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Companies Developing Hemophilia Gene Editing Therapy

Mountain bluebird

Mountain bluebird (A. Kotok)

10 October 2019. A partnership between drug maker Novo Nordisk and biotechnology company bluebird bio is designing a treatment for hemophilia with gene-editing proteins. Financial and intellectual property details of the three-year agreement between Novo Nordisk in Bagsvaerd, Denmark and bluebird bio in Cambridge, Massachusetts — the company spells its name in all lower-case letters — were not disclosed.

Hemophilia is an inherited disorder where blood does not clot adequately, resulting in spontaneous or uncontrolled bleeding. In hemophilia, a genetic defect fails to produce proteins needed to mix with platelets allowing blood to coagulate. About 8 in 10 people with the condition have hemophilia type A, where the protein clotting factor 8 is missing. In type B, clotting factor 9 is missing.

bluebird bio develops gene therapies for cancer and genetic disorders, including sickle cell disease, beta-thalassemia, and cerebral adrenoleukodystrophy, a rare metabolic disease causing learning disabilities and behavioral problems in young children. The company developed a type of gene editing with synthetic proteins known as mega-TALs, based on messenger RNA. These proteins combine homing endonucleases, enzymes that cut DNA strands at specific sequence locations, with other enzymes called transcription activator-like or TAL effectors that bind to the targeted DNA sequence. bluebird says mega-TALs are compact and precise gene editing tools.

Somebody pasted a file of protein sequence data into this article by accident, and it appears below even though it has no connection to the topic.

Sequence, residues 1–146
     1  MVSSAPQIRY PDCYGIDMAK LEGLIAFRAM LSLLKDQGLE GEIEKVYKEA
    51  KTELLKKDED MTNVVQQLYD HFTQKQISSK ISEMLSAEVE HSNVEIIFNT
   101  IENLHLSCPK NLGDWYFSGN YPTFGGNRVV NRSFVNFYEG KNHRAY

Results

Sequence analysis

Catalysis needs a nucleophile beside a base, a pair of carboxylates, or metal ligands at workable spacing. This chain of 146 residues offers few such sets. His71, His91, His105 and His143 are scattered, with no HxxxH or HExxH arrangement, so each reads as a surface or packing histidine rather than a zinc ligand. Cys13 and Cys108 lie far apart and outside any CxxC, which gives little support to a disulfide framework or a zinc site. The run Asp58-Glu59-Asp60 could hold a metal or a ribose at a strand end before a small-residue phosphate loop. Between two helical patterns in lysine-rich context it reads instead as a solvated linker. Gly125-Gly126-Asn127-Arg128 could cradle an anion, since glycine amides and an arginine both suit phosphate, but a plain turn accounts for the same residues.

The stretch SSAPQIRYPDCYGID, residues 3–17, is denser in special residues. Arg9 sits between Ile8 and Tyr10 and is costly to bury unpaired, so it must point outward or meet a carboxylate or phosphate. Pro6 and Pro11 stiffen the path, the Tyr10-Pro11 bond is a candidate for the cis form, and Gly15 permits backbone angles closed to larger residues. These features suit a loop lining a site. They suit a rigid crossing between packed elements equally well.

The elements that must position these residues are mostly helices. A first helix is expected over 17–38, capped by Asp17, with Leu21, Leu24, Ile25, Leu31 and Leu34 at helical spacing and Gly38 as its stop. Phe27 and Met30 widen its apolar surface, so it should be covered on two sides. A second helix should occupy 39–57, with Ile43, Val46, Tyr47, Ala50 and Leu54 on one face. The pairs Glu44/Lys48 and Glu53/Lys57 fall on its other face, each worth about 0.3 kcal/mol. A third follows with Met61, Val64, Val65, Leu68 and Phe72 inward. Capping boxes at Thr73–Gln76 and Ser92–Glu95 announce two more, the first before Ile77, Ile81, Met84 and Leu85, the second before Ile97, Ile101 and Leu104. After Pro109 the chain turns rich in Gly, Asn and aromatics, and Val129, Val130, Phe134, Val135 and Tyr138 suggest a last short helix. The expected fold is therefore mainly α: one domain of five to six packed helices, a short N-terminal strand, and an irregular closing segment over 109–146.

In the collaboration, bluebird and Novo Nordisk will start with gene editing techniques for correcting clotting factor 8 deficiencies in hemophilia A that would eliminate the need for factor-replacement therapies. However, the partnership is expected to expand to other genetic disorders. Novo Nordisk is a maker of synthetic clotting factor proteins for factor-replacement treatments. The company’s pipeline also has a targeted synthetic antibody in a mid-stage clinical trial to treat hemophilia A and B, as well as a therapy for sickle cell disease in an early-stage trial.

“We believe this technology has the potential to create a highly differentiated approach to the treatment of many severe genetic diseases,” says Philip Gregory, bluebird bio’s chief scientist in a joint statement. Gregory adds, “We believe this collaboration will move us toward our shared goal of recoding the treatment paradigm and substantially reduce the burden of disease for patients with factor 8 deficiency.”

Novo Nordisk and bluebird bio are not alone in developing gene therapies for hemophilia. As reported by Science & Enterprise, Spark Therapeutics reported last year on findings from a clinical trial showing long-term effects of its gene therapy for hemophilia B, and Sangamo Therapeutics earlier received an orphan drug designation for its gene-editing treatment for hemophilia B, now in clinical trials.

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